30-Year Bond Auction, Powell Remarks Lead To Pullback On Wall Street

Stocks showed a lack of direction for much of morning trading on Thursday but came under considerable pressure in the afternoon. The major averages all showed notable moves to the downside, with the Nasdaq and the S&P 500 snapping their longest winning streaks in two years.

The major averages climbed off their worst levels going into the close but remained firmly negative. The Nasdaq slumped 128.97 points or 0.9 percent to 13,521.45, the S&P 500 slid 35.43 points or 0.8 percent to 4,347.35 and the Dow fell 220.33 points or 0.7 percent to 33,891.94.

Stocks showed a notable drop in early afternoon trading after the Treasury Department revealed this month’s auction of $24 billion worth of thirty-year bonds attracted below average demand, triggering a surge in treasury yields.

The thirty-year bond auction drew a high yield of 4.769 percent and a bid-to-cover ratio of 2.24, while the ten previous thirty-year bond auctions had an average bid-to-cover ratio of 2.38.

The bid-to-cover ratio is a measure of demand that indicates the amount of bids for each dollar worth of securities being sold.

The markets saw further downside as Federal Reserve Chair Jerome Powell addressed the outlook for U.S. monetary policy, saying the central bank “will not hesitate” to resume raising interest rates if it becomes appropriate.

Participating in a policy panel at the 24th Jacques Polak Annual Research Conference in Washington, D.C., Powell acknowledged that U.S. inflation has slowed over the past year but pointed out it remains well above the Fed’s 2 percent target.

“My colleagues and I are gratified by this progress but expect that the process of getting inflation sustainably down to 2 percent has a long way to go,” Powell said.

Powell also said the Fed is “not confident” a stance of monetary policy that is sufficiently restrictive to bring inflation down to 2 percent over time has been achieved.

“We know that ongoing progress toward our 2 percent goal is not assured: Inflation has given us a few head fakes,” Powell said. “If it becomes appropriate to tighten policy further, we will not hesitate to do so.”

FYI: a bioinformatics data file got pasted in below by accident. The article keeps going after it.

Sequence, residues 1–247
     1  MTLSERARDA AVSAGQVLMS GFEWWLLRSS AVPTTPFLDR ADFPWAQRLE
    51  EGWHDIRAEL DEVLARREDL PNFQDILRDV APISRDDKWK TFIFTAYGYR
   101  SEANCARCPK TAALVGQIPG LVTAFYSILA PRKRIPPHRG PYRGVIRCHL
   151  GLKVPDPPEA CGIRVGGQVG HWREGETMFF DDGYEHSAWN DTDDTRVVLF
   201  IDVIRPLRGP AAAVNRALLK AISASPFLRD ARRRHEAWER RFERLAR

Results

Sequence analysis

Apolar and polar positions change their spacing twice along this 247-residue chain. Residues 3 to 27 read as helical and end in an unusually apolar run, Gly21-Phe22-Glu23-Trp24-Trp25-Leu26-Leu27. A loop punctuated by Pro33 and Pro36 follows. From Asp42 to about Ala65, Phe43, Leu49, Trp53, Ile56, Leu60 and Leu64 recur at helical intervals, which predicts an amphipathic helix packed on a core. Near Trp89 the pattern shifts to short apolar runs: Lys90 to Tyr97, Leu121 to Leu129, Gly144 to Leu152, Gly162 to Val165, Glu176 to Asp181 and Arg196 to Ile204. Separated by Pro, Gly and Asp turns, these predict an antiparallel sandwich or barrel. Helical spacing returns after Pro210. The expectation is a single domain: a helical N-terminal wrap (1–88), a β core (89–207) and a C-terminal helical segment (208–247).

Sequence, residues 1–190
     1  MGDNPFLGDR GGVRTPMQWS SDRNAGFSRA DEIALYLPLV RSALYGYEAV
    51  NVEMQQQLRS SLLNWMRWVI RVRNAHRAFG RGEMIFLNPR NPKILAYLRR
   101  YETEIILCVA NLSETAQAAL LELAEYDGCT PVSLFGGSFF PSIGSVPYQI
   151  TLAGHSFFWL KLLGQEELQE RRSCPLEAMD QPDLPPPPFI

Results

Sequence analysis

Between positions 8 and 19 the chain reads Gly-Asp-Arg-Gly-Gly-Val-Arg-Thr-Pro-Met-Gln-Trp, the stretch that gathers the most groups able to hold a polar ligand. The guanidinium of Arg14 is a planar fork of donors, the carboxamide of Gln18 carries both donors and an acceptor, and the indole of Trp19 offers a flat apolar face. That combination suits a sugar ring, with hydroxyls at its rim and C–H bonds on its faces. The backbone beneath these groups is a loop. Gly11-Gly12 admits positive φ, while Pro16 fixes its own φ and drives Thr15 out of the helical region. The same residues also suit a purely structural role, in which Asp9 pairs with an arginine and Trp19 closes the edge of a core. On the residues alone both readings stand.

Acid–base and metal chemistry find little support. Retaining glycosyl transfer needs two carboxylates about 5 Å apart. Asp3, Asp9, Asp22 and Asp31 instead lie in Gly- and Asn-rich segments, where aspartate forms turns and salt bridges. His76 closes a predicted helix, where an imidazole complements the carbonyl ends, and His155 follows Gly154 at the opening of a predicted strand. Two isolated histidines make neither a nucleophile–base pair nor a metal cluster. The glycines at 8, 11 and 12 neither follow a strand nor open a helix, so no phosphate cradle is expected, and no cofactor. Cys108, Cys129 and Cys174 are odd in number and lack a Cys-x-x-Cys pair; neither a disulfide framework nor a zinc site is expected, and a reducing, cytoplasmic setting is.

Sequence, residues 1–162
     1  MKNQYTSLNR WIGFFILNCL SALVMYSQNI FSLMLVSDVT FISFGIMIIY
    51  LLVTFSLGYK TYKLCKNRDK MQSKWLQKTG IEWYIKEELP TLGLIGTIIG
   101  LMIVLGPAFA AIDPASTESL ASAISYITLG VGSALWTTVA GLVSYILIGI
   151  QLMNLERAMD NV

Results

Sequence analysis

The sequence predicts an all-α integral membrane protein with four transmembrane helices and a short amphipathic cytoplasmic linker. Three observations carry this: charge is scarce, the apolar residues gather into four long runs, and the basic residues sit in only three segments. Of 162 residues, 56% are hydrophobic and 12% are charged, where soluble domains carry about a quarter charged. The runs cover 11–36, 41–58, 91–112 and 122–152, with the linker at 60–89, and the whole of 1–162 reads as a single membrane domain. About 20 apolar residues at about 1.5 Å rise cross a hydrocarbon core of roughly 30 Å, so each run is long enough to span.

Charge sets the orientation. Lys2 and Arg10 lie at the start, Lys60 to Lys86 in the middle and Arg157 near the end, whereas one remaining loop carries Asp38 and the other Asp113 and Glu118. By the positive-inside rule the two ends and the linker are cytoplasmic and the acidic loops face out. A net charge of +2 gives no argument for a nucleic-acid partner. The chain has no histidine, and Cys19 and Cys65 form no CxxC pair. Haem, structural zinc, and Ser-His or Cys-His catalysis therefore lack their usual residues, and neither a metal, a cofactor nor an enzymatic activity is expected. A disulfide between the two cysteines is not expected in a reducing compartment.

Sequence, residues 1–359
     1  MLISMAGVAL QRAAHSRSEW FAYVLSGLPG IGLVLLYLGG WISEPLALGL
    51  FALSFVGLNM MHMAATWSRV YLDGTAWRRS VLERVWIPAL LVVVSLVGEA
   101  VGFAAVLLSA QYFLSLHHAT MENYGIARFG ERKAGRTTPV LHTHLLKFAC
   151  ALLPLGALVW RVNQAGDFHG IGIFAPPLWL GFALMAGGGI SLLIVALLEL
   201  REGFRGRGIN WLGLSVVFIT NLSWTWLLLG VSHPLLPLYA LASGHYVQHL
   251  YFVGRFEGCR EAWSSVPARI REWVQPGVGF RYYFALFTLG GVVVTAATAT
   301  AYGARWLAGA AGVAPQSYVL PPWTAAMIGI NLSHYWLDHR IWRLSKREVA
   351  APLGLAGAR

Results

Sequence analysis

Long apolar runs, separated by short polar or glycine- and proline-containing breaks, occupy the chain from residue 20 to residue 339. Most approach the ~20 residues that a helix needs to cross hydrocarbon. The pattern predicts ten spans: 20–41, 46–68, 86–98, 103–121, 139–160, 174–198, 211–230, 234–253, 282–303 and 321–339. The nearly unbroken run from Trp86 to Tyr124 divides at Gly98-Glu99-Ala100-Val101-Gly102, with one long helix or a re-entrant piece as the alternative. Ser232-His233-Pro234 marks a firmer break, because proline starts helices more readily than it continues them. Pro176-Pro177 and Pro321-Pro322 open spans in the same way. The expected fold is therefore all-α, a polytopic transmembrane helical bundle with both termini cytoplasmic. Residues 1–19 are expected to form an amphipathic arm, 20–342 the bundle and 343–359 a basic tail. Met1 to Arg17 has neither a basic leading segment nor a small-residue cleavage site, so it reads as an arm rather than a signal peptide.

He added, “We will continue to move carefully, however, allowing us to address both the risk of being misled by a few good months of data, and the risk of overtightening.”

Powell indicated the Fed will make future monetary policy decisions “meeting by meeting” based on the totality of incoming data and the implications for the outlook for economic activity and inflation.

Sector News

Airline stocks moved sharply lower over the course of the session, resulting in a 2.5 percent nosedive by the NYSE Arca Airline Index.

Substantial weakness was also visible among pharmaceutical stocks, as reflected by the 2.5 percent slump by the NYSE Pharmaceutical Index.

Biotechnology stocks also saw considerable weakness on the day, dragging the NYSE Arca Biotechnology Index down by 2.4 percent.

Healthcare, commercial real estate and banking stocks also moved notably lower, while some strength remained visible among networking stocks.

Shares of Infinera (INFN) soared by 14.6 percent after the telecom equipment company raised its third quarter guidance.

Other Markets

In overseas trading, stock markets across the Asia-Pacific region moved mostly higher during trading on Thursday. Japan’s Nikkei 225 Index surged by 1.5 percent, while South Korea’s Kospi edged up by 0.2 percent.

The major European markets also moved to the upside on the day. While the French CAC 40 Index jumped by 1.1 percent, the German DAX Index and the U.K.’s FTSE 100 Index advanced by 0.8 percent and 0.7 percent, respectively.

In the bond market, treasuries pulled back sharply after moving notably higher over the two previous sessions. Subsequently, the yield on the benchmark ten-year note, which moves opposite of its price, surged 10.7 basis points to 4.630 percent.

Looking Ahead

Trading on Friday may be impacted by reaction to a report on consumer sentiment in the month of November, which includes readings on consumers’ inflation expectations.

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